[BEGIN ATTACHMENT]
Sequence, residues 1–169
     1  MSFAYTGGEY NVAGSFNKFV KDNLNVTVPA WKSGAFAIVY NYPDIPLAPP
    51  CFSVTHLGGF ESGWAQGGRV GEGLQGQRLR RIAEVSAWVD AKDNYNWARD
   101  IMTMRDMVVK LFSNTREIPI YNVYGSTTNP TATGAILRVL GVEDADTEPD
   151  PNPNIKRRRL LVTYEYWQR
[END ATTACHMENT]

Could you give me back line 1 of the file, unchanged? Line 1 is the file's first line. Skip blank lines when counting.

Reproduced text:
Sequence, residues 1–169